Update, Oct. 31:
The Intrepid Sea, Air & Space Museum issued the following statement late on Oct. 30:
October 30, 2012
The rise in the Hudson River due to Hurricane Sandy caused flooding and damage to Pier 86. The pier was designed to withstand the 100 year storm. However, the unprecented levels of water flooded the main electrical transformers and both of our backup generators.
As a result, power issues caused the pavilion to deflate. The shuttle sustained only minor damage.
We currently are assessing the situation. The safety of our employees is most important, and when our teams are able to safely work on site, we will begin to rebuild the areas of our complex that have been affected.
We are eager to reopen our doors to the public, but as of now, the Museum will be closed until further notice.
— Space shuttle Enterprise, NASA's original prototype orbiter, is sitting exposed and appears to have been partially damaged by Hurricane Sandy after the severe storm passed over New York City on Monday night (Oct. 29).
On display on board the flight deck
of the Intrepid Sea, Air & Space Museum, a converted aircraft carrier, since July, Enterprise had been protected from the elements inside a pressurized pavilion. Based on photos posted online, the inflatable structure appears to have first deflated and then torn by the winds of the now post-tropical storm cyclone.
Photos show the 180-foot-long (55 meters) by 60-foot-high (18 meters) pavilion's fabric exterior now lies draped over Enterprise, though much of the shuttle's nose section and part of its payload bay is uncovered. The orbiter's vertical stabilizer, or tail, is protruding out the top, where it looks like part of the spacecraft may have been torn away.
Space shuttle Enterprise's pressurized pavilion was deflated and torn as superstorm Sandy passed over NYC. (Denise Chow)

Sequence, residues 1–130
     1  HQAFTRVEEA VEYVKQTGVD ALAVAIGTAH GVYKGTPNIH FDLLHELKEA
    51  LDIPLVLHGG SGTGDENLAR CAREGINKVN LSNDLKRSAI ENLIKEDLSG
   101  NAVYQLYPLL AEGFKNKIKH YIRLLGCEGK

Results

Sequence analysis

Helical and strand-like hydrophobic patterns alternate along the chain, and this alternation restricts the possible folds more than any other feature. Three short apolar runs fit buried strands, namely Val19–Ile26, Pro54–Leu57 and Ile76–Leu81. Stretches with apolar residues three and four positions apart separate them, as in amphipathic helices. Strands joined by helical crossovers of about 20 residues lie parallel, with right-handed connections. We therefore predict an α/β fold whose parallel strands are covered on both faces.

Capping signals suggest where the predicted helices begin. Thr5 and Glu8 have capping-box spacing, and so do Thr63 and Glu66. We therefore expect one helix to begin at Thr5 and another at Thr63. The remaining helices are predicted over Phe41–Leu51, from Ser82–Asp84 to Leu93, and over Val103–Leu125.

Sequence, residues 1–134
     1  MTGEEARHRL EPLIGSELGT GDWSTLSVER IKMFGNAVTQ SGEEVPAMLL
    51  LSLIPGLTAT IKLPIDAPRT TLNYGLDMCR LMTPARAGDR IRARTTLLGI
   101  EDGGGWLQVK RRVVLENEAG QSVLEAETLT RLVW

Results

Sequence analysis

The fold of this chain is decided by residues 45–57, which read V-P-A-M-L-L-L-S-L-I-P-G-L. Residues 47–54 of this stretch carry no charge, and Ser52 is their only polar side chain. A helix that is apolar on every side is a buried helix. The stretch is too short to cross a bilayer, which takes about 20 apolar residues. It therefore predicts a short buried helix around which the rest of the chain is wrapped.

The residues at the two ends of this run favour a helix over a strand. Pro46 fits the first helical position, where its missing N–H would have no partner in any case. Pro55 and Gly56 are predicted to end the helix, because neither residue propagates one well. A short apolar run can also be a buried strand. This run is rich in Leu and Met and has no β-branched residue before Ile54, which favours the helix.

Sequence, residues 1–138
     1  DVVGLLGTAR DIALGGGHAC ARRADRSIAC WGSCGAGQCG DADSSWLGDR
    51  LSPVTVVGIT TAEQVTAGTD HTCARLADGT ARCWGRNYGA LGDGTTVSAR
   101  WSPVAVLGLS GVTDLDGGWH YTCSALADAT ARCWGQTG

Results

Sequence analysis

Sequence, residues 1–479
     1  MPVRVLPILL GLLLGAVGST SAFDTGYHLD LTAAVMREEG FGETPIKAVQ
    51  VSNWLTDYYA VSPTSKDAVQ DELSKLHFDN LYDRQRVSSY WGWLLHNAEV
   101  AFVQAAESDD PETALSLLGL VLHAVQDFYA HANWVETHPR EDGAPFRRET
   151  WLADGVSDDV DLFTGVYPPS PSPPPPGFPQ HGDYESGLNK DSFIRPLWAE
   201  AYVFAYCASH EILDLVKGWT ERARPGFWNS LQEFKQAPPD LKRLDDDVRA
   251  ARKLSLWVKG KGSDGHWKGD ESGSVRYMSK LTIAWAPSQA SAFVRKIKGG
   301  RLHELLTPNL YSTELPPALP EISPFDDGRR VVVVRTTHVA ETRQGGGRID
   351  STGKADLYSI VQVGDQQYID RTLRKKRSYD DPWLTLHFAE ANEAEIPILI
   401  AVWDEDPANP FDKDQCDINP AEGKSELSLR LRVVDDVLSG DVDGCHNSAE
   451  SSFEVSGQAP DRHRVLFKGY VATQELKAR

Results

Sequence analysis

"We certainly wish our best to everyone affected by the storm. It was a very big storm that affected many people," NASA spokesman Mike Curie told collectSPACE. "We are aware that Enterprise appears to be uncovered on the deck of the Intrepid, but we're sure that our friends at the Intrepid Sea, Air and Space Museum will do their best to take care of Enterprise and get it back up to shipshape as soon as possible."
Intrepid officials did not immediately respond to a request for comment.
The "superstorm" Sandy flooded Pier 86 on the west side of Manhattan, where the Intrepid is anchored, submerging part of the museum's main entrance under water. Similar damage was seen throughout the city and region, leaving buildings destroyed, millions of people without power and at least 30 dead.
Enterprise was delivered to the Intrepid in June after being transferred from its previous home of eight years at the Smithsonian National Air and Space Museum's Steven F. Udvar-Hazy Center in northern Virginia. In its place, space shuttle Discovery
is now at the Udvar-Hazy Center, having arrived in April after NASA retired its orbiter fleet in 2011.
Discovery was also in Sandy's path, and the Smithsonian remains closed due to the storm. However, no damage to that shuttle was reported, nor was any damage evident on webcam footage of the vehicle.
Space shuttle Enterprise's vertical stabilizer, or tail, appears to have been damaged by superstorm Sandy. (Heath Hurwitz)
Enterprise, built in the 1970s, never made it to space, but was used instead as a prototype to test the space shuttle design during approach-and-landing glide tests.
Since arriving at the Intrepid, Enterprise has been housed
in its climate-controlled inflated pavilion. This shelter was never meant to be permanent, however. Ultimately, the Intrepid has said it plans to build a larger, separate facility to showcase the shuttle and enhance the museum's other space exhibits and educational displays.
As of Tuesday afternoon, Sandy was centered about 50 miles (80 kilometers) east-northeast of Pittsburgh, moving westward and weakening over Pennsylvania, according to the National Hurricane Center (NHC) in Miami. The storm's maximum sustained winds were 45 mph (72 kph), down from 90 mph (150 kph) on Monday when it was a Category 1 hurricane.
See shuttles.collectspace.com for continuing coverage of the delivery and display of NASA's retired space shuttles.